- 1. Biden apologizes for Trump withdrawal from Paris climate deal as COP26 starts
- 2. Manchin says he can't yet back $1.75 trillion spending bill
- 3. Biden unveils new U.S. methane emission rules
- 4. Supreme Court justices appear likely to allow challenge to Texas abortion law
- 5. Vaccination of U.S. kids ages 5 to 11 set to start Nov. 8
- 6. China locks nearly 34,000 people inside Shanghai Disneyland over 1 COVID case
- 7. 2,300 NYC firefighters call in sick as vaccine mandate starts
- 8. Stocks hit record highs as Dow touches 36,000 for 1st time
- 9. Durst charged with 2nd-degree murder of wife who vanished in 1982
- 10. Jury quickly seated in Kyle Rittenhouse homicide trial
1. Biden apologizes for Trump withdrawal from Paris climate deal as COP26 starts
President Biden apologized Monday for former President Donald Trump's decision to withdraw the United States from the landmark 2015 Paris climate accord. Biden, who rejoined the agreement, said as the United Nations' COP26 climate change conference got underway in Glasgow, Scotland, that the U.S. was "back at the table" and ready to lead a push for commitments to reduce emissions to hold warming to 1.5 degrees Celsius above pre-industrial levels. U.N. Secretary-General Antonio Guterres warned world leaders at COP26 that they were not doing enough to fight climate change, with massive damage already unstoppable. He said in opening remarks at COP26 that the world must cut greenhouse gas emissions or face catastrophic damage from rising temperatures. "We are digging our own graves," he said.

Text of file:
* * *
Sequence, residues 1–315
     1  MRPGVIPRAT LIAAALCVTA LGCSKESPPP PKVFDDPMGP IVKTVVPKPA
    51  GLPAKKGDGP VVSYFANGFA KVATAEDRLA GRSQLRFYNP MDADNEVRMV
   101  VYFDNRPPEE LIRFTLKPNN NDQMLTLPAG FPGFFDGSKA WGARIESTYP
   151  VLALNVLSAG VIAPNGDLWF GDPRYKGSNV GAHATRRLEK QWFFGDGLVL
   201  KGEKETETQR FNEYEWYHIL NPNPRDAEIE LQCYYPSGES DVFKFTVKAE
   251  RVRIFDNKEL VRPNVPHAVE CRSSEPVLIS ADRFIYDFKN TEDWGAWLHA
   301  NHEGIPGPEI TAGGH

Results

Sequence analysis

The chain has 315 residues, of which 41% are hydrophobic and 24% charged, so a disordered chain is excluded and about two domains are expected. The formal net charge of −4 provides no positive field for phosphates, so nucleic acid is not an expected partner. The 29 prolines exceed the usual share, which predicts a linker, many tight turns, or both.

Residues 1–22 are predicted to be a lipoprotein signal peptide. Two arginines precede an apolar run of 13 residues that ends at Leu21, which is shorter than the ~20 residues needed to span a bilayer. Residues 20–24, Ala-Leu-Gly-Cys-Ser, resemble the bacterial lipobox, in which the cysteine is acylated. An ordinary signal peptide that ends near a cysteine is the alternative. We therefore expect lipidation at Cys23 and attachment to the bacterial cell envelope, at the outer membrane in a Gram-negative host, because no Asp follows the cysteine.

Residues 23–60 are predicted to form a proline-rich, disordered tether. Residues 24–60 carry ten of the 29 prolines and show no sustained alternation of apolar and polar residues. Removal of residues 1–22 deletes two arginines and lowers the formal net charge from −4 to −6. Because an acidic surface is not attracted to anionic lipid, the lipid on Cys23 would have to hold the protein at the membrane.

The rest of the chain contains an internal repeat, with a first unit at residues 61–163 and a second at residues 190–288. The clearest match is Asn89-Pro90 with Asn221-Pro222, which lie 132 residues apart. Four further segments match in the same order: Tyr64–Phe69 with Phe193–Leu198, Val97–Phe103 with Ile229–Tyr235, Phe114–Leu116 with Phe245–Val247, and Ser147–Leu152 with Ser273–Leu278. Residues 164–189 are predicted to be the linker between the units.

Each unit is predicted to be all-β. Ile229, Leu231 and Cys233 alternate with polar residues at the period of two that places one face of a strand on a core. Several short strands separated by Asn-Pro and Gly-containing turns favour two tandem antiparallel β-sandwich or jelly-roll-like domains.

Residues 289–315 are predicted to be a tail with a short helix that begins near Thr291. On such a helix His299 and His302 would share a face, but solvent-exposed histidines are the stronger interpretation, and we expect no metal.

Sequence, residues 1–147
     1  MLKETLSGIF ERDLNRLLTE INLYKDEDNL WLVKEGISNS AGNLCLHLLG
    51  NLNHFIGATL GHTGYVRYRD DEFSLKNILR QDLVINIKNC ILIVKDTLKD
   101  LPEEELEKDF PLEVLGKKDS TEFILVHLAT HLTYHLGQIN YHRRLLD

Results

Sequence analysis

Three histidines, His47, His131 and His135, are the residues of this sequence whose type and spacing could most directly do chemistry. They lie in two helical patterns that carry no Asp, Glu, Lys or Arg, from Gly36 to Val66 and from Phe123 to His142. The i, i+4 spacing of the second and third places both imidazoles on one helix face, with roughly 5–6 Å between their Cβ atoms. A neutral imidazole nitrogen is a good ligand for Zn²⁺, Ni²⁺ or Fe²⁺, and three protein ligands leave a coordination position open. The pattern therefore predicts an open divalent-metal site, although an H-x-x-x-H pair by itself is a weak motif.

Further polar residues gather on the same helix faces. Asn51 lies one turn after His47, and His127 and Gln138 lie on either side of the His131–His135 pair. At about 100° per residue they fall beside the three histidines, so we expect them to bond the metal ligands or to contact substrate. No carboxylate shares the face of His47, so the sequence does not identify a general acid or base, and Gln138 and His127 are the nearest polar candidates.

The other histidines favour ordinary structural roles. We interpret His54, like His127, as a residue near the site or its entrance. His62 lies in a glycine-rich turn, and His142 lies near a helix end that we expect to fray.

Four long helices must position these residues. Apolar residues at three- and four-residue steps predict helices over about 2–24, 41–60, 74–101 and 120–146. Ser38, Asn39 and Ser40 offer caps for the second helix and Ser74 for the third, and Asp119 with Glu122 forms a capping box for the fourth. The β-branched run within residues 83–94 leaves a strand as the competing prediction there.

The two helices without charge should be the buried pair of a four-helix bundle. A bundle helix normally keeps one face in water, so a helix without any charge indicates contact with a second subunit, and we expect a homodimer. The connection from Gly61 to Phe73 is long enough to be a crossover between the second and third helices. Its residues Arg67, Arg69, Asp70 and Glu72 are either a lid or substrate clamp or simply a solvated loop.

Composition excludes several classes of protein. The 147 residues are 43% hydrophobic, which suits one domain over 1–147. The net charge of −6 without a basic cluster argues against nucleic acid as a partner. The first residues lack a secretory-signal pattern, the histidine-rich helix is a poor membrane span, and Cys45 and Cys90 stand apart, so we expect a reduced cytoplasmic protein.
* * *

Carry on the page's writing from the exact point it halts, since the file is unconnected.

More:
2. Manchin says he can't yet back $1.75 trillion spending bill
In a setback for President Biden's agenda, Sen. Joe Manchin (D-W.Va.) said Monday that he would not yet commit to backing the $1.75 trillion framework Biden unveiled for his Build Back Better plan. The bill would expand the social safety net and provide $555 billion for clean energy and other measures to fight climate change. Manchin said the proposal had "budget gimmicks" that would cost more than its supporters say. He accused progressives of refusing to compromise, although the bill has been slashed in half from the original $3.5 trillion because he and fellow moderate Sen. Kyrsten Sinema (D-Ariz.) demanded cuts. Both essentially have wielded veto power, because Democrats need every vote in their caucus to pass the bill in the 50-50 Senate.
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3. Biden unveils new U.S. methane emission rules
President Biden and his administration unveiled a series of policies Tuesday to limit methane gas leaks from oil and gas wells and pipelines. Biden is at the United Nations-sponsored COP26 climate change summit in Glasgow, Scotland, where methane emissions are a major agenda item. Methane, a key component of natural gas, is the No. 2 greenhouse gas behind carbon dioxide. It dissipates more quickly than carbon dioxide, but is 80 times more powerful in the first 20 years after reaching the atmosphere. The U.S. and European Union are pushing other countries to sign the Global Methane Pledge to cut emissions 30 percent by 2030. A new Environmental Protection Agency rule to be finalized next month will require oil and gas wells to monitor and capture methane leaks.